Former Addie + Dash of Inspiration = CookingWithJames

By Matt Van Hoven 

The beauty of advertising is that it can bring value to any venture &#151 whether for a major multi-national or your personal brand. So if you’re out of work and hoping to develop an idea you’ve had, your advertising skills will undoubtedly help it get off the ground. And these days independence is where it’s at, so check out this story about a guy who applied his ad skills to his dream job and made it work.

James Stolich ended his official career in advertising as an art account director at Razorfish. There he worked with such clients as Microsoft, HP, Williams-Sonoma, revamping Web sites and art directing his keister off while simultaneously building his own food-centric brand. He left the fish last December to pursue CookingWithJames, his underground in-home elaborate dinner party business &#151 and Stolich used his ad-skills (and cooking tricks) to make it all happen.

James tells us he enjoyed the ad business but after getting a taste for cooking (savory Italian foods), he wanted only to pursue a life of creating culinary wonders. Good for him. He started things off simply enough, making dinners for friends until the costs got a bit high and he began asking for donations from guests (he held these parties pretty regularly, he says).

Well as they say, when people are willing to pay for something you make, you’ve got yourself a business. And like that, Stolich found a niche in “underground” supper clubs &#151 a trend that popped up in 2001. Stolich brings his gear to a client’s house where he and a few helpers cook and serve multi-course meals. And his ad-skills really set the business off.

“Over the past few years I used my agency and interactive experience &#151 particularly around social media and building communities &#151 to promote CookWithJames and get the word out. We were featured on Thrillist last year, for example, and most recently on”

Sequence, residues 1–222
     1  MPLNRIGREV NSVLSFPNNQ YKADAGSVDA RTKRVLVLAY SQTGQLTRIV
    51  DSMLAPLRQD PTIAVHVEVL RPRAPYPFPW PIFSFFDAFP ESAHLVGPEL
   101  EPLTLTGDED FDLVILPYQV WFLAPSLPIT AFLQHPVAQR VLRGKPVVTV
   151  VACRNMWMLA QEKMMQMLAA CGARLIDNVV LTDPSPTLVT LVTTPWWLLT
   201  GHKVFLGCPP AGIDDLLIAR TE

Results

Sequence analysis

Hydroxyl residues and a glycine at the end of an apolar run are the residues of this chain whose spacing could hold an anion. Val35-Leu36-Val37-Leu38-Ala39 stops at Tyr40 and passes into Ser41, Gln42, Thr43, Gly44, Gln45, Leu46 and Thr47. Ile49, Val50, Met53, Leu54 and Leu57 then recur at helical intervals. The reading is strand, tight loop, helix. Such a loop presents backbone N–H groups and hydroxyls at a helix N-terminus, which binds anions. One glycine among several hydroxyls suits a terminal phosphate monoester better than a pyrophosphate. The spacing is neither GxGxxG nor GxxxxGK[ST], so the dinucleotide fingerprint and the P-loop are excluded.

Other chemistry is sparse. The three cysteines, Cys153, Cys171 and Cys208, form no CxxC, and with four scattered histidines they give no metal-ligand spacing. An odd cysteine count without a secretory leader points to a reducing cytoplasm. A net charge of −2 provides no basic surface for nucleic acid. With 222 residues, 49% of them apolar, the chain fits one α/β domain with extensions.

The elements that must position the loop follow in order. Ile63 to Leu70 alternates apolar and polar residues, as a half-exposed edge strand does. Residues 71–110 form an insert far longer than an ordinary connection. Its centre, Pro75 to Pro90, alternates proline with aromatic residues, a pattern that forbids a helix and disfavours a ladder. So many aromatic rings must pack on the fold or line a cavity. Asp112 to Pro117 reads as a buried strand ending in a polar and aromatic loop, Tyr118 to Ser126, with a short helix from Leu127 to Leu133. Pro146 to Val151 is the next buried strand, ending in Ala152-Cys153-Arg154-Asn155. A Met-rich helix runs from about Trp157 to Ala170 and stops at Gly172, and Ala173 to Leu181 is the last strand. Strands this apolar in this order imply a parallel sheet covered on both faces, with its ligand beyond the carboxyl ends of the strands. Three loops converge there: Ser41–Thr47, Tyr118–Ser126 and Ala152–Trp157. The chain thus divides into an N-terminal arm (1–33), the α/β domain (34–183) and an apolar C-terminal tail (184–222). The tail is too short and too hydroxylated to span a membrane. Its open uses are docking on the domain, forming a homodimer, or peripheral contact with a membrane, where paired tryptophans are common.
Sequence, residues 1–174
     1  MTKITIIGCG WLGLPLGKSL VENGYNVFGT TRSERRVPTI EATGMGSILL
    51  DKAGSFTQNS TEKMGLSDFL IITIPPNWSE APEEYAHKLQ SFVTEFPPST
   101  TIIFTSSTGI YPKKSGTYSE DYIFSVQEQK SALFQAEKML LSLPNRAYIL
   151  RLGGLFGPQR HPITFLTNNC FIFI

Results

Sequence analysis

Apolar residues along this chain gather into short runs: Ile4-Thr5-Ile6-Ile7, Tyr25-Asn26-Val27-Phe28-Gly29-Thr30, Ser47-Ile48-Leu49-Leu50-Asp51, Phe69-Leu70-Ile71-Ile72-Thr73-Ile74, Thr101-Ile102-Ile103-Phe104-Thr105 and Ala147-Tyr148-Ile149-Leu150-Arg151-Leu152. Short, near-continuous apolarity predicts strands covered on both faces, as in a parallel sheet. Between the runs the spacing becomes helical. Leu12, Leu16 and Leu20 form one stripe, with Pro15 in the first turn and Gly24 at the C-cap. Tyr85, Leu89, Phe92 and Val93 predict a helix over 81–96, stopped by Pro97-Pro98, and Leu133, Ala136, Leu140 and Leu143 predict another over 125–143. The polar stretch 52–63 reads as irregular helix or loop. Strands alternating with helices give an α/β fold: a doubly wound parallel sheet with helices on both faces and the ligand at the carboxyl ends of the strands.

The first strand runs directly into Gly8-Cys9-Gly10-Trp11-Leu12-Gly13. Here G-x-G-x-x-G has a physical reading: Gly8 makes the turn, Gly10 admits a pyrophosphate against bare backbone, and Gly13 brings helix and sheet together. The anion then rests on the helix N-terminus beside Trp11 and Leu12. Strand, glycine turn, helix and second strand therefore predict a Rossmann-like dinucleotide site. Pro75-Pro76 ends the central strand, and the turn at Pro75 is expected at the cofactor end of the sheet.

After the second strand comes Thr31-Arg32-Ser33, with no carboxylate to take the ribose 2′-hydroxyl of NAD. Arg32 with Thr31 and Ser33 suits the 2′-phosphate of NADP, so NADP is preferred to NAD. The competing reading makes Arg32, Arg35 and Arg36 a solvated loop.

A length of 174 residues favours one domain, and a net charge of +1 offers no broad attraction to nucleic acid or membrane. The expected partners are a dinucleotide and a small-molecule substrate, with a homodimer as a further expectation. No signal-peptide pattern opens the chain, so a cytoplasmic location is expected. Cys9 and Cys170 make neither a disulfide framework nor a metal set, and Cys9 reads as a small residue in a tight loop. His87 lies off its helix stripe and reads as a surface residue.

LA Times writer Jenn Garbee even featured CookingWithJames in the first chapter of her book, Secret Suppers (Joel Stein wrote about the secret supper phenomenon in Time). The word-of-mouth buzz he generates is cheap and effective &#151 perfect for a small business.

Beyond the secret suppers, Stolich also hosts a blog where he shares recipes and teaches cooking classes each week. Today he’s teaching culinary wannabes about seafood &#151 next week, gnocchi. Great, now we’re hungry. These pieces keep people interested and provide easy access to info about what he does.

Stolich says he still gets a lot of business from referrals. With food, a recommendation from a happy customer goes farther than a print ad any day. But in developing a strong brand online, he provides means for potential customers to get a feel for his product. And you can too &#151 whether you’re starting a basket-weaving company or reinventing the wheel, you have the power to access a community (if there is one) interested in your widgets. So get out there and do it!

To learn more about Stolich’s business, click here.

More: “What One Man Has Been Doing Since Getting Laid Off From His Ad Job”